103

We are using GitLab for our private project. There are some forked libraries from github, that we want to install as npm module. Installing that module directly from npm is ok and for example this:

npm install git://github.com/FredyC/grunt-stylus-sprite.git

...works correctly too, but doing the same for GitLab, just changing domain gets me this error.

npm WARN `git config --get remote.origin.url` returned wrong result (git://git.domain.com/library/grunt-stylus-sprite.git)
npm ERR! git clone git://git.domain.com/library/grunt-stylus-sprite.git Cloning into bare repository 'D:\users\Fredy\AppData\Roaming\npm-cache\_git-remotes\git-git-domain-com-library-grunt-stylus-sprite-git-6f33bc59'...
npm ERR! git clone git://git.domain.com/library/grunt-stylus-sprite.git fatal:unable to connect to git.domain.com:
npm ERR! git clone git://git.domain.com/library/grunt-stylus-sprite.git git.domain.com[0: 77.93.195.214]: errno=No error
npm ERR! Error: Command failed: Cloning into bare repository 'D:\users\Fredy\App
Data\Roaming\npm-cache\_git-remotes\git-git-domain-com-library-grunt-stylus-spr
ite-git-6f33bc59'...
npm ERR! fatal: unable to connect to git.domain.com:
npm ERR! git.domain.com[0: xx.xx.xx.xx]: errno=No error

From the web interface of GitLab, I have this URL git@git.domain.com:library/grunt-stylus-sprite.git. Running this against npm install it tries to install git module from npm registry.

However using URL: git+ssh@git.domain.com:library/grunt-stylus-sprite.git is suddenly asking me for the password. My SSH key doesn't include passphrase, so I assume it wasn't able to load that key. Maybe there is some configuration for that I have missed ? Key is located at standard location in my home directory with the name "id_rsa".

I am on Windows 7 x64.

UPDATE

Since NPM v3 there is built-in support for GitLab and other sources (BitBucket, Gist), from where you can install packages. Unfortunately it works only for public ones so it's not exactly related to this, but some might find it useful.

npm install gitlab:<gitlabname>/<gitlabrepo>[#<commit-ish>]

Check out documentation: https://docs.npmjs.com/cli/install

  • 1
    so what is the actual gitlab url I use? I just see <placeholders> i tried several variations and it still says project not found. – chovy Jan 19 '17 at 8:02
  • 1
    $ npm i -S git+ssh://git@gitlab.com/org/repo.git does not work – chovy Jan 19 '17 at 8:04
165

You have the following methods for connecting to a private gitlab repository

With SSH

git+ssh://git@git.mydomain.com:Username/Repository#{branch|tag}
git+ssh://git@git.mydomain.com/Username/Repository#{branch|tag}

With HTTPS

git+https://git@git.mydomain.com/Username/Repository#{branch|tag}

With HTTPS and deploy token

git+https://<token-name>:<token>@gitlab.com/Username/Repository#{branch|tag}
  • Yeah, that's pretty much what I have figured out. You can even specify branch or tag like Repository#1.2.3. I will change answer tick since this is more accurate. – FredyC Nov 19 '14 at 15:29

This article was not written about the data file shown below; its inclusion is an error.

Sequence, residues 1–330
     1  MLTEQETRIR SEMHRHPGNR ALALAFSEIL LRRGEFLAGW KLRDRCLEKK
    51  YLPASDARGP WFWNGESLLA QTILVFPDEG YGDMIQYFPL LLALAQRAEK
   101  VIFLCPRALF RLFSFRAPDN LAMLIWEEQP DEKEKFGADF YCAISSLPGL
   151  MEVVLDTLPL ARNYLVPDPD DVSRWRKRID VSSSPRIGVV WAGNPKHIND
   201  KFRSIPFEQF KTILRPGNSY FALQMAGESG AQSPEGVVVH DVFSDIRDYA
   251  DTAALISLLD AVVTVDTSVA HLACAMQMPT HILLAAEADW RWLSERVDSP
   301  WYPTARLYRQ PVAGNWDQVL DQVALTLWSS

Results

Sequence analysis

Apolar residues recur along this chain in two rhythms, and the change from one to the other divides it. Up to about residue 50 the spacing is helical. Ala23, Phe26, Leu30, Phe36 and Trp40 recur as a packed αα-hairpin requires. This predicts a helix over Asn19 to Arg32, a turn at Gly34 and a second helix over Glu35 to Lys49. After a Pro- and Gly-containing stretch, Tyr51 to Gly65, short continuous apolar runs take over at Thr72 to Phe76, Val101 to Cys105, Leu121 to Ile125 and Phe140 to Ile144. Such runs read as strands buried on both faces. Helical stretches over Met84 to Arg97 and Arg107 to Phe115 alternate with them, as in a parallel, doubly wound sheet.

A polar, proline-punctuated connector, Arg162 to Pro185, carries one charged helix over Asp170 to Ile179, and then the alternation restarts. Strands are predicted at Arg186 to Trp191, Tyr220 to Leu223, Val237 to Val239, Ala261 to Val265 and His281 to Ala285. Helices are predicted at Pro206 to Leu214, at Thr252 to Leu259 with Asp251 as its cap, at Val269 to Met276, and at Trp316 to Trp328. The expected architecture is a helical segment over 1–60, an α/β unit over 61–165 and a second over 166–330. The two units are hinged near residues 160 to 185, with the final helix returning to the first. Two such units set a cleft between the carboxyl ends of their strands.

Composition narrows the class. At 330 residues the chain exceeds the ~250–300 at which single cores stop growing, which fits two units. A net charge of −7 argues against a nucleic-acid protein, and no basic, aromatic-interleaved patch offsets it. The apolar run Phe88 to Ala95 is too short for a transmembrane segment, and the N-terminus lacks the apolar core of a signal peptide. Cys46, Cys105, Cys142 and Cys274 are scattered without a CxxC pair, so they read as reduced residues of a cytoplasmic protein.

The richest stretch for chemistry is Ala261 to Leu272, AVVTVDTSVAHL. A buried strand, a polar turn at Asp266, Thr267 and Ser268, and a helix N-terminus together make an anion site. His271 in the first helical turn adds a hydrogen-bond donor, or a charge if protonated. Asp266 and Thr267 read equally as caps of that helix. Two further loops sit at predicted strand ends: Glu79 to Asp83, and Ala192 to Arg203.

• 1
    @jamessidhu I am not sure but its asking me password even with SSH. Upon giving password it is giving me error. Any idea how to resolve it? – codesnooker May 14 '15 at 8:37
  • @codesnooker Have you setup a SSH key in Gitlab? If keys aren't authorised between your machine and remote it'll default to password like access to a server. – sidhuko May 15 '15 at 9:37
  • 5
    This actually only works for me with true URL syntax, e.g. git+ssh://git@git.mydomain.com/Username/Repository (note the / separating host and username). This may be a yarn specific thing, perhaps the suggested example does work with npm – Ivo van der Wijk Dec 27 '16 at 12:10
  • 1
    deploy token works great. <token-name> in the example looks like gitlab+deploy-token-17034, it's not the arbitrary name you assign to the token. – Mr5o1 Sep 23 '18 at 3:08
28

Instead of git://, use git+ssh:// and npm should do the right thing.

  • 6
    Answer from npm creator itself 👆 – Dima Parzhitsky Oct 5 '19 at 17:17
  • I get undefined ls-remote <url> – chovy Feb 25 '20 at 23:46
  • git+ssh:git@git.mydomain.com/Username/Repositor, remove // it works for me. Thx – AliasCocoa Apr 27 '20 at 10:53
26

Update

As @felix mentioned in comments (thanks @felix) using deploy token is much more relevant for reading a private registry on gitlab. This way is the token is compromised, attacker just can read that repository and cannot make changes.

Creating a Deploy Token

  1. Log in to your GitLab account.
  2. Go to the project you want to create Deploy Tokens for.
  3. Go to Settings > Repository.
  4. Click on Expand on Deploy Tokens section.
  5. Choose a name and optionally an expiry date for the token.
  6. Choose the desired scopes. <= select read_repository
  7. Click on Create deploy token.
  8. Save the deploy token somewhere safe. Once you leave or refresh the page, you won’t be able to access it again.

Old answer

Goto User Settings > Access Tokens and create a new access token with read_registry permission.

enter image description here

Copy generated token, we need it for our package.json file.

enter image description here